Album Review: “Mylo Xyloto” by Coldplay
By Haley Earl-Lynn
Released October 25, 2011
For fifteen years Coldplay has continued to thrill the adult alternative audience with a transforming sound. With constant comparisons to U2 and Radiohead, Coldplay fights to maintain uniqueness. The driving force behind the band’s epic success is the enduring fight to produce the “perfect song.” Striving to achieve perfection has structured the band’s creative process.
Back in 2009, after the release of the album Viva La Vida, Chris Martin, lead singer and lyricist, allowed 60 Minutes’ Steve Kroft to follow the band on the last leg of their tour. Kroft got a chance to stop by the band’s recording studio where Martin explained the writing process, which is really more like a grueling musical marathon.
Like many musical geniuses, Martin is a bit neurotic and always on the move. He grapples with a million ideas a minute. A set of rules keeps the band in line and ensures audience approval, at least that is the goal. Albums are not to go over 42 minutes in length and computers are never to be used as instruments but rather tools. With rules like these, the band hopes to find a balance between allowing the creative juices run wild and producing music the adult alternative audience can jive with.
The biggest mystery surrounding the band was addressed by Steven Colbert last week on the Colbert Report. “How do you sell that many albums and win seven Grammys and still be considered alternative?” Colbert asked, “That’s a neat trick!”
Colbert had a good point and Martin, the clear spokesperson of the band, had no precise explanation. Most critics would argue that the band’s success is rooted in abundant enthusiasm and attention to detail.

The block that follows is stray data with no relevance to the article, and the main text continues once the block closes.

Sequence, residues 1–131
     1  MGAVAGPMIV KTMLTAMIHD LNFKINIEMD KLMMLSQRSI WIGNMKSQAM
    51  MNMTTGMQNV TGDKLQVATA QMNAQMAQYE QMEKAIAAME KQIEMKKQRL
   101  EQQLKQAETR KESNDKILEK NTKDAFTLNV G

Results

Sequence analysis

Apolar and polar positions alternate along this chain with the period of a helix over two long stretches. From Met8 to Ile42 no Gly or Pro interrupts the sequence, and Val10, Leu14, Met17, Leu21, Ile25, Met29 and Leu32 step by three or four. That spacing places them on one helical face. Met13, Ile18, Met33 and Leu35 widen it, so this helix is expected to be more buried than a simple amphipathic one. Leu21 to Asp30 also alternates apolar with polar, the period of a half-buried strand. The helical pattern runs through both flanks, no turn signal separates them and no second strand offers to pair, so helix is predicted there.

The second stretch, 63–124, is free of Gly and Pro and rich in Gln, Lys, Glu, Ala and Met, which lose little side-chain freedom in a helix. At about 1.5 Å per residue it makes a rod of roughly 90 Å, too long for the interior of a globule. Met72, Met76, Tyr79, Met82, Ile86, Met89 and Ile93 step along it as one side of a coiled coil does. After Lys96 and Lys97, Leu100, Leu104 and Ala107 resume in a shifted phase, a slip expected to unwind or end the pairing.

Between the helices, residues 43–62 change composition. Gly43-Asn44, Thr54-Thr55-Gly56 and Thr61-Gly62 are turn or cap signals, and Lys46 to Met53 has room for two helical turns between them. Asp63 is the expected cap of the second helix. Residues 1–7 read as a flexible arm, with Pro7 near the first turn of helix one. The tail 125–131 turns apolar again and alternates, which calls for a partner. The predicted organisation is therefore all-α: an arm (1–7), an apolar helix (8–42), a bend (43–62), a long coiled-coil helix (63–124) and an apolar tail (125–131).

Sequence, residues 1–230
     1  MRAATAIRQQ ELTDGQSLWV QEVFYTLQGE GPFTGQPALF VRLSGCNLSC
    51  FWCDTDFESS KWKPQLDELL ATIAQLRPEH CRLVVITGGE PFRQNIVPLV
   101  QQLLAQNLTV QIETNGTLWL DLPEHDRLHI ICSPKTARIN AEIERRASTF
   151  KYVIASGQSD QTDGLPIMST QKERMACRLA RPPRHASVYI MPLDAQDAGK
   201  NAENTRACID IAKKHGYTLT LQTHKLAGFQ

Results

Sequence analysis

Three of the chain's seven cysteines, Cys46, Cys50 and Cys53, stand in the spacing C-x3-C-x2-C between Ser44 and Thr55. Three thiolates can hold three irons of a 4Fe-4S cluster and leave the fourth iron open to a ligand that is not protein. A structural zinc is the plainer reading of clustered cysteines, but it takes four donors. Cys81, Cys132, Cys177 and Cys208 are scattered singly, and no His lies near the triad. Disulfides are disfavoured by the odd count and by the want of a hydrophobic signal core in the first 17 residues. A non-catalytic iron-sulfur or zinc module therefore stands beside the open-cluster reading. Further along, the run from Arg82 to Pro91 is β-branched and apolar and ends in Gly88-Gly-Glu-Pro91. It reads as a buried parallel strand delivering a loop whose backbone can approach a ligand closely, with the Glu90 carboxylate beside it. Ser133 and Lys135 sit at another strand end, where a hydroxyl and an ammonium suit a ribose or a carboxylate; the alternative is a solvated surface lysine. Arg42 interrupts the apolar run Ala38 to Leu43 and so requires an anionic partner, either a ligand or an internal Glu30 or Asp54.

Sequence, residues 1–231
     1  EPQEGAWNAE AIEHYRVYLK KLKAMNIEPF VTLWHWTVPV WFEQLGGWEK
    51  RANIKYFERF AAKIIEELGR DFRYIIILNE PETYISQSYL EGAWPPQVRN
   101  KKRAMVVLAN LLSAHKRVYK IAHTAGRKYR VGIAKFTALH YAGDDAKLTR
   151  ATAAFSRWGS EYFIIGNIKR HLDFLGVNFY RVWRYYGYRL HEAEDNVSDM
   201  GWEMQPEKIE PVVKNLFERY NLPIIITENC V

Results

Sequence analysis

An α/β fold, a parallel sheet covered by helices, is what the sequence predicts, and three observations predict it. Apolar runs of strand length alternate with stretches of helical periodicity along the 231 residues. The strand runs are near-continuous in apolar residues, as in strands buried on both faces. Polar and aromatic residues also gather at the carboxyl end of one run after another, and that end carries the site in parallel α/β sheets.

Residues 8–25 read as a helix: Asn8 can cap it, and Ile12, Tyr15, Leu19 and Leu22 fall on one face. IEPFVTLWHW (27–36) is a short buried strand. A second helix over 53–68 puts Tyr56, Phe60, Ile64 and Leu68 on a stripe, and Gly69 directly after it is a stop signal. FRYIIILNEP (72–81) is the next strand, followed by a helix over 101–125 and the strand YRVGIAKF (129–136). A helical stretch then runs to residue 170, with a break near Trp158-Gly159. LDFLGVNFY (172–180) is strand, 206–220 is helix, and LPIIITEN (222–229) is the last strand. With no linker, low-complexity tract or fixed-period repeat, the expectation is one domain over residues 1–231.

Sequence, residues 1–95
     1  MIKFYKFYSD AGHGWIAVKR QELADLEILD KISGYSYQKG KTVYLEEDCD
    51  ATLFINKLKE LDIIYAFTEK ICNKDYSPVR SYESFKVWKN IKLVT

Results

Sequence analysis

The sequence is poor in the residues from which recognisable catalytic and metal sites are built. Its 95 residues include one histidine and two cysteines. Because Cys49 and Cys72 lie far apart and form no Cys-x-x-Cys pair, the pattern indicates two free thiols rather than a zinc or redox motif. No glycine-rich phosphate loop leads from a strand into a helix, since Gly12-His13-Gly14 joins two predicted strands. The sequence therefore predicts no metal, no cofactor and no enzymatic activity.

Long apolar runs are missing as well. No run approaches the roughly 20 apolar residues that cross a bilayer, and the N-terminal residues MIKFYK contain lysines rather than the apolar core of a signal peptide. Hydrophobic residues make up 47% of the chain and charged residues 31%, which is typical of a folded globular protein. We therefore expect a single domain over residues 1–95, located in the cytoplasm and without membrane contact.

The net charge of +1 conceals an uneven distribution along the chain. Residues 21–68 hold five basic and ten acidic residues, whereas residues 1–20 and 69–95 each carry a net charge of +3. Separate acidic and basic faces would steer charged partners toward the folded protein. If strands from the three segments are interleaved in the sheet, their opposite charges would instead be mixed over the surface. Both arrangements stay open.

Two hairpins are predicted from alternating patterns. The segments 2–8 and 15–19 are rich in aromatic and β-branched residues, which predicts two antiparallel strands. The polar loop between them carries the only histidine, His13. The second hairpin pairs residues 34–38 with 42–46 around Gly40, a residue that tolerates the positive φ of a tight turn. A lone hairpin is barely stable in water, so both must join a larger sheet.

Coldplay’s newest album, Mylo Xyloto, drops this Tuesday, October 25. It is just as highly anticipated as albums past. There is much to live up to after Viva La Vida, the last album released in 2008, gained massive support and redefined the band’s strengths. With a gradual move from an acoustic rock band with charming melodies to a rock band with a pop twang, critics are eagerly awaiting Mylo Xyloto.
The newest album features Brian Eno as co-producer. Eno is commonly referred to as the daddy of ambient music. He worked on Viva La Vida and is credited for helping Coldplay step outside of the boxed in category of “acoustic rock band.” It can be expected that Mylo Xyloto has a similar ambient vibe, given Eno’s helping hand. What was not expected was some movement toward the early Coldplay sounds. A fusion of new and old, Mylo Xyloto has high and low points. Coldplay proves they are still worth all that hype though because the highs outweigh even the lowest lows (enter Rhianna).
Hurts Like Heaven – Catchy lyrics and booming sound, “Hurts like Heaven” is the perfect example of the old and new fusion. Crafty lines like “you used your heart like a weapon and it hurts like heaven” prove Martin still has the charisma seen in golden tracks like “Green Eyes” and “Yellow”. There is something about this song that draws comparisons to the organization of a Passion Pit song. Think classic Coldplay meets new, pop influenced Coldplay.
Paradise – If you can resist singing along or at least swaying to this song, you are a cold lifeless being. This song is one of the top tracks on the album, and certainly the catchiest. Try turning it up in the car, rolling the windows down, and drifting away to “Paradise”; but please, keep your eyes on the road.
Charlie Brown – This track is arguably the best track on the album. With ample radio play, tracks such as “Paradise” and “Every Tear Drop Is a Waterfall” take a back seat to the new sound of “Charlie Brown”. This is the type of song that sounds nice on the stereo but will surely be an epic live performance. This track could have fit in nicely on the Viva La Vida album.
Princess of China – This track features Rhianna and is not worth spending much time discussing. The opening sounds like it came right out of Tron. The only fans that will appreciate this track are Rhianna fans, who already subscribe to crappy music and the act of selling out.